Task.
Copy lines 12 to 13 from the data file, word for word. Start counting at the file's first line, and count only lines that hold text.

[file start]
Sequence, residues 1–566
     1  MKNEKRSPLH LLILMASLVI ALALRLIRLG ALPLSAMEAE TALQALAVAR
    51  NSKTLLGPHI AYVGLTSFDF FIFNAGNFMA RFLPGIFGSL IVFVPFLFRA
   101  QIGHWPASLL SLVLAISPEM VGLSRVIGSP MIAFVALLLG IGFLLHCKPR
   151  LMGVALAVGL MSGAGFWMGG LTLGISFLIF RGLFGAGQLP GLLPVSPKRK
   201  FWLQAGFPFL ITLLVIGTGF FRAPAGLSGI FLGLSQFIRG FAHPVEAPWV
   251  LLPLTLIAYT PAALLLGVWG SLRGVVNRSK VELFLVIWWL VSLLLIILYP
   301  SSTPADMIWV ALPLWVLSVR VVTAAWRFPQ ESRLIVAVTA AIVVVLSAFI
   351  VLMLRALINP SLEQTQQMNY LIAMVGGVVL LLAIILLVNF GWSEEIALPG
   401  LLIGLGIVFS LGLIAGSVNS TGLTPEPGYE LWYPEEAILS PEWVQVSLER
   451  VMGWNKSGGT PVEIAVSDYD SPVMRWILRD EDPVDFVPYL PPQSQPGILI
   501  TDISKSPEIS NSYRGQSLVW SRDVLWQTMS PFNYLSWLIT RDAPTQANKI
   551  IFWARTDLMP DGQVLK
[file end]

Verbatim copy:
   501  TDISKSPEIS NSYRGQSLVW SRDVLWQTMS PFNYLSWLIT RDAPTQANKI
   551  IFWARTDLMP DGQVLK